MAYVILLE – After two years of listening to concerns on wind turbine installation, the Chautauqua County Board of Health said it plans to submit letters to all local municipalities detailing its recommendation.
The announcement came during a board meeting Thursday in Mayville.
In the letter, health officials will recommend that all cities, towns and villages within the county pass a proper wind law that restricts industrial wind towers, or IWTs, from being constructed within a mile and a half of any residence and generate 35 or fewer decibels in sound frequency. The board also recommends that municipalities contact the state Public Service Commission to request that a full State Environmental Quality Review take place ahead of IWT construction, which is not currently required by state law.
“The Board of Health is not coming out to say ‘There are or there aren’t health concerns’ because really we don’t have enough science to say that,” said Christine Schuyler, county Health and Human Services director. “What we do know, because there is not a full SEQRA review, there never is a full-impact study done so we don’t know. So the state needs to change legislation so at least that’s done.”
According to the state Department of Environmental Conservation, SEQRA requires all state and local government agencies to consider environmental impacts equally with social and economic factors during discretionary decision-making.
At Thursday’s meeting, public comments regarding the handling of local turbines were again heard by individuals discussing construction or potential construction in the towns of Arkwright and Portland.
“These projects are happening in communities where we, under New York state Public Health Law, are charged with protecting resident’s health,” the letter to be sent to municipalities reads. “During the past two years, Chautauqua County residents have attended Board of Health meetings and voiced their concerns regarding potential human health effects related to IWTs constructed in close proximity to their homes.”
According to the board and its letter, wind turbine projects that produce 25 megawatts of power are able to waive any requirement of conducting a SEQRA review. Health board members believe an environmental review, such as SEQRA, should be carried out ahead of a project that could potentially impact the health of county residents. Such projects are considered Article 10, Type II actions, which allows for the waiving of SEQRA reviews.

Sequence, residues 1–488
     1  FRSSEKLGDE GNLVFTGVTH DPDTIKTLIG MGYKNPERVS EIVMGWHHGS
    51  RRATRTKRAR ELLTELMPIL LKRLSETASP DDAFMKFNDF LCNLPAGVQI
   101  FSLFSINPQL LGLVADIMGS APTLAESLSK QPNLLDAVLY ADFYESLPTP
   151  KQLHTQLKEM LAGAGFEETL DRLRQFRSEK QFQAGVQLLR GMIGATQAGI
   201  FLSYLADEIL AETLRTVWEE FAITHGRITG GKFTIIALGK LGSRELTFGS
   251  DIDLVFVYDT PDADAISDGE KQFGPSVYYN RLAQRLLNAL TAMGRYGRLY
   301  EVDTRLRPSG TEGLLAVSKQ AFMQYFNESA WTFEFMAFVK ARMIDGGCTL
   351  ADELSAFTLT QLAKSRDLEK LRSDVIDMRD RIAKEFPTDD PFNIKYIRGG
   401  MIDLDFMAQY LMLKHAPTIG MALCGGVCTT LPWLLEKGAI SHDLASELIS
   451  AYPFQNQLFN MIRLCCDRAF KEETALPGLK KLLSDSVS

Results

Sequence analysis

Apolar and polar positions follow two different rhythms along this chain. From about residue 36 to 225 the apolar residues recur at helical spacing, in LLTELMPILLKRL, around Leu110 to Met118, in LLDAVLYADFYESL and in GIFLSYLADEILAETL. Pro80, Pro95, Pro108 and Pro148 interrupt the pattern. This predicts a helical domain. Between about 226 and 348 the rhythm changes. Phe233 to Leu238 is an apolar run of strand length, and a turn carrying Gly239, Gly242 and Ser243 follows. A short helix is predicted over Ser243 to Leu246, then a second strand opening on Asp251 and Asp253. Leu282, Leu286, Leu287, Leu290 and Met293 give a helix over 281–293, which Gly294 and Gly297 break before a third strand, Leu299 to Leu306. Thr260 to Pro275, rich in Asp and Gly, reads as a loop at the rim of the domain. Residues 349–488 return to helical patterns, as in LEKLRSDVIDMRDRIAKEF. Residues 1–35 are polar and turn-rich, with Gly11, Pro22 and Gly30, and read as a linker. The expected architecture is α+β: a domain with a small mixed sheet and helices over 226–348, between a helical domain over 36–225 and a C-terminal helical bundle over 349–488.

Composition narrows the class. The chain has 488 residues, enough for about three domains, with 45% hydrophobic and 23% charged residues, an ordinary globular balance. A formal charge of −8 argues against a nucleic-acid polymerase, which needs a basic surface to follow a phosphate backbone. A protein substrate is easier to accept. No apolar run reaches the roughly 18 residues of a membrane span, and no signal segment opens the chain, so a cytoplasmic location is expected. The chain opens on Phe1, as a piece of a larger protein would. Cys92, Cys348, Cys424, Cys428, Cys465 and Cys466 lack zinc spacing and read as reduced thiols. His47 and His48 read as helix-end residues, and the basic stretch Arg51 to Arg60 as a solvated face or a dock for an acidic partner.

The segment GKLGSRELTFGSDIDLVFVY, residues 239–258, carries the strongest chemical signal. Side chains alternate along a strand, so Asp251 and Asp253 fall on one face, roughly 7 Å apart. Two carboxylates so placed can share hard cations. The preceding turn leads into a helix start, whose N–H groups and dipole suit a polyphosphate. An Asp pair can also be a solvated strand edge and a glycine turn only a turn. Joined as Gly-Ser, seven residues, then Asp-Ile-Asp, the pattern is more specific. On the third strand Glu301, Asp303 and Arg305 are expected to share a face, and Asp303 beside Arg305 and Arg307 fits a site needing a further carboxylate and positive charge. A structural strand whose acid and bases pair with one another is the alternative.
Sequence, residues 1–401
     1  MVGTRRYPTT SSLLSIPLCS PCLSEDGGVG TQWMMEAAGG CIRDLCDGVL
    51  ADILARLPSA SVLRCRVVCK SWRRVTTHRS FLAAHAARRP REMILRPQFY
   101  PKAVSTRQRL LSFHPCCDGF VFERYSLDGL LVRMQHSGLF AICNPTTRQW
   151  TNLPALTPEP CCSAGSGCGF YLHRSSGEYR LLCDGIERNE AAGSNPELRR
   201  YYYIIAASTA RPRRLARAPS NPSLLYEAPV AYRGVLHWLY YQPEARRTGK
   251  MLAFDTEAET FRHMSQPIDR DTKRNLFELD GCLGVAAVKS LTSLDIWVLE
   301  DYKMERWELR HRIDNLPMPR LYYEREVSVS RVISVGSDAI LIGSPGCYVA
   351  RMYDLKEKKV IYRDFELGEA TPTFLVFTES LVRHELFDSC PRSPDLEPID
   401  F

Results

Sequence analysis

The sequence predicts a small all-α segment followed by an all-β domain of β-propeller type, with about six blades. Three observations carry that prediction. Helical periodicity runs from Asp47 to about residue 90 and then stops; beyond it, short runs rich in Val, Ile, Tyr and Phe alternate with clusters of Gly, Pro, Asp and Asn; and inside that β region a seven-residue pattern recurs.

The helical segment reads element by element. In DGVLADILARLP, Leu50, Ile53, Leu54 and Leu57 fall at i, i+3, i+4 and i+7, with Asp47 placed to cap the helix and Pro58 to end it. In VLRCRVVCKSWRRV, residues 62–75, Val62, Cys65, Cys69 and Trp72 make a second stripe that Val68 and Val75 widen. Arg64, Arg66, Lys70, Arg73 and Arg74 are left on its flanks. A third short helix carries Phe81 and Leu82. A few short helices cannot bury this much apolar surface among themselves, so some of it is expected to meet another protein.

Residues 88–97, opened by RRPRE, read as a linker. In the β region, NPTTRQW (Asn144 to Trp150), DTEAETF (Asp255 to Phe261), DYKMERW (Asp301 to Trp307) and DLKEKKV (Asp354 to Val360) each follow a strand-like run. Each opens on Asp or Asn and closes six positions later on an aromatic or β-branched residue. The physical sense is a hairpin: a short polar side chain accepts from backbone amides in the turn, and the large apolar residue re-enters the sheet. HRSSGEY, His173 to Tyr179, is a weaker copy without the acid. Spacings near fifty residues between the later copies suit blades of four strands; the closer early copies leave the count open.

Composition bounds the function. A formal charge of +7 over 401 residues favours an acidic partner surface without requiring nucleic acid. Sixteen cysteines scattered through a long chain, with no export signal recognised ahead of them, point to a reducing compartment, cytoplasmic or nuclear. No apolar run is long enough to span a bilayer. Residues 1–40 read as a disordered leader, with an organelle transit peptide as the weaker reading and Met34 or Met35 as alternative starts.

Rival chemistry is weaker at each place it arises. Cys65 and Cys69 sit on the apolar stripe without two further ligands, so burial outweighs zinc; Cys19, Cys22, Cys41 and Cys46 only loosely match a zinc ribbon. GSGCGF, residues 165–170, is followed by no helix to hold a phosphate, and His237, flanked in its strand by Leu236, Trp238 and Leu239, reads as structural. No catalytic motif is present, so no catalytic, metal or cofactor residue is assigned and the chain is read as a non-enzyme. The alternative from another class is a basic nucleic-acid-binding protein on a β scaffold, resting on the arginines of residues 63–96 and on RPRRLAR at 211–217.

“Under such Article 10 legislation, the home rule authority of our local boards of health to take steps to safeguard the health and wellness of our residents and protect the environment within our counties has been put at risk,” the letter continues.
Board president Tom Erlandson recapped a September meeting in which several options the county could take were discussed:
¯ consider amending the county sanitary code that requires New York State Department of Health approval;
¯ approach the County Legislature about the possibility of introducing a local law calling for a moratorium on IWT construction;
¯ requiring a permit from the local health department for IWT construction.
A fourth option was to submit a letter with board recommendations to local municipalities, which is now likely to be done early next week.
Erlandson also referenced the town of Ellicott after the town board adopted two local laws regarding wind turbines. The first local law established a yearlong moratorium on the construction of wind energy and commercial solar collection facilities within the town. The second opts the town out of tax exemptions granted by the state for wind and solar energy projects.
Additionally, the Portland Town Board in June passed a six-month moratorium on applications and permits for windmills. The board discussed extending the suspension in October.
During Thursday’s meeting, Schuyler added, “I think what the board (of health) has come through with this letter is really focusing on the needs of the state to change the way reviews are done.”
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